When people think about the start of the football season, they often think about the players and the preparation they need to give their brains and bodies for the games to come.
We respect the skills, physicality, teamwork and the decision-making these players need to have under pressure.
But we often forget the other group of people who work hard for these same attributes to give the sporting public the fair and fun game we know so well.
I’m of course speaking of the umpires who officiate the games.
Like any other sporting team, umpires need to keep their skills and physical fitness at a high level so that they can perform on game day.
Umpires take part in a preseason to develop their fitness and train at least two nights a week to maintain skills and a good running ability.
It’s a well-known fact that decision-making accuracy decreases when we are under fatigue.
A study conducted on the North Eastern AFL umpires found that physical demands are greatest in the first quarter of the match and decision-making ability is at its poorest in this quarter.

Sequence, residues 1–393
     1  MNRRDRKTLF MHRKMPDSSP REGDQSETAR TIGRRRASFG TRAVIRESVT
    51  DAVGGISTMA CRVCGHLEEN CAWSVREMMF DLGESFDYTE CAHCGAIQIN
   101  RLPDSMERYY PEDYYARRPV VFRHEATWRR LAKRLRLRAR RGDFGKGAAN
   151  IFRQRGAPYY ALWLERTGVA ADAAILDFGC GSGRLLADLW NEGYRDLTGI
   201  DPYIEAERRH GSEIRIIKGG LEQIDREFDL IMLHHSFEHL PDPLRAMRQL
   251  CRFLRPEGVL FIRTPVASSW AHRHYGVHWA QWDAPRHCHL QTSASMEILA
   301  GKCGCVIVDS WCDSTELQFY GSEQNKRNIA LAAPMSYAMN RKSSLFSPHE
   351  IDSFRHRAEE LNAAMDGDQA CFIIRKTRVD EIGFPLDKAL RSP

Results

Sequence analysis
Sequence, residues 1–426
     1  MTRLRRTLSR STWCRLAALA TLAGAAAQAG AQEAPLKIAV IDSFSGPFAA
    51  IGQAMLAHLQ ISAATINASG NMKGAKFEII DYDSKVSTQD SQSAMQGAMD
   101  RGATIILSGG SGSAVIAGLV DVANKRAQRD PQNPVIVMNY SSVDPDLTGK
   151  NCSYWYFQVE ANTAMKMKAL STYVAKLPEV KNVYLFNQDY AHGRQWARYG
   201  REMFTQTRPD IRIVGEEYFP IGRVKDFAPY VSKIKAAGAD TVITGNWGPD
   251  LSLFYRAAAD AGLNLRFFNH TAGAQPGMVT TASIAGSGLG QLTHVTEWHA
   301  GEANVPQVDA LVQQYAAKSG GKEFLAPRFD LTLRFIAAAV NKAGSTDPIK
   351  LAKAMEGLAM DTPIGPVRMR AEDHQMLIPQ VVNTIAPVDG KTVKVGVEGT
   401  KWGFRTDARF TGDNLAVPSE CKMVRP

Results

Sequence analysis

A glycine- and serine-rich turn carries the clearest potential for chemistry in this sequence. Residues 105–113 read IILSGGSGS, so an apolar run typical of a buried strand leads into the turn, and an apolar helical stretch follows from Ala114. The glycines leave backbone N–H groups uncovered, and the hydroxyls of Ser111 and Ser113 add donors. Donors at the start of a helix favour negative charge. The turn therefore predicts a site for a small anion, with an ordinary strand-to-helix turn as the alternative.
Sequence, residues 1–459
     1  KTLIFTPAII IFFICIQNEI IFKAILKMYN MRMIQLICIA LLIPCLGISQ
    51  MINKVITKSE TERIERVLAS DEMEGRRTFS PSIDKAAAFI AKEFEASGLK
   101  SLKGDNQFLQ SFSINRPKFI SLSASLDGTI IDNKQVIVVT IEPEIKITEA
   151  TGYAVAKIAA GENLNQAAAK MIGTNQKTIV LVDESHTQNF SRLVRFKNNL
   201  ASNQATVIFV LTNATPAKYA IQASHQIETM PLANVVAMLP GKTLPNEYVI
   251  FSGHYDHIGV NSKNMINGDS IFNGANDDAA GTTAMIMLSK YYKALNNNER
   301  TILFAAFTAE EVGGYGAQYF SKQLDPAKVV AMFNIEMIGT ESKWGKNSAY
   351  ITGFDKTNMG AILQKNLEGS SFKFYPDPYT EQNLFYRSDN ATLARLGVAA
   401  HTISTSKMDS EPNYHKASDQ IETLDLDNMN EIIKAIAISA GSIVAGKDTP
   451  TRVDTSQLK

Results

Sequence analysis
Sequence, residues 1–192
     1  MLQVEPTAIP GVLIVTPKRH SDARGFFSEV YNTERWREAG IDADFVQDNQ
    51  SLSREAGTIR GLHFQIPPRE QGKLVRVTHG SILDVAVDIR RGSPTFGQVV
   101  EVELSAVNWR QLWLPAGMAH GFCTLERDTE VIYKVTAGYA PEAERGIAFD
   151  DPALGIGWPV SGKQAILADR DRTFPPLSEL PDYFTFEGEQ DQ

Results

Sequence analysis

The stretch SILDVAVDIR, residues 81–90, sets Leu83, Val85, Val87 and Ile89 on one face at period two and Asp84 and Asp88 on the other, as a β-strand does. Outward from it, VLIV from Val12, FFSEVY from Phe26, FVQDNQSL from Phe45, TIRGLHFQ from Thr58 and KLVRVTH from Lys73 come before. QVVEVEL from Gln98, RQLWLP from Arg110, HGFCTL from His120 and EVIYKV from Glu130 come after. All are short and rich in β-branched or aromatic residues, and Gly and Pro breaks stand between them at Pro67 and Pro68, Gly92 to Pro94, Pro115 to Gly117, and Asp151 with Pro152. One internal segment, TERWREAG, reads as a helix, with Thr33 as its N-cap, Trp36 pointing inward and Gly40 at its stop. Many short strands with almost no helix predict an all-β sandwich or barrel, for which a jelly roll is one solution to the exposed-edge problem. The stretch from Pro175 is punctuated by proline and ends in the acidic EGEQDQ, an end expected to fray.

This suggests that physical fitness is a key aspect of an umpire’s decision-making.
In fact, umpires in the local leagues will run somewhere between 12 and 17 kilometres a game!
Just as players need to perform bursts of high intensity work, so too do umpires with approximately 28 per cent of games performed at high intensity (more than 14.4km/h).
The local umpiring group, North East Border Umpires, train using a combination of long distance and sprint work.
The type of interval training allows us to run from one end of the field to the other at a jog before sprinting in the other direction when there is a turn over or ball up.
Umpires also need to prevent and manage injuries so that all their attention is on the game.
Before training and games, umpires perform a thorough dynamic warm-up to increase blood flow to the muscles, ligaments and joints.
Stretching is also a key routine umpires prescribe to after any running session. Proper nutrition is important before during and after the match to minimise fatigue and recover in preparation for the following week. I always opt for a sports drink at half-time.
So next time you want to boo at an umpire or argue with their decision, please remember that they have worked just as hard as the players to do the job they’re doing and they only want to get the decisions right.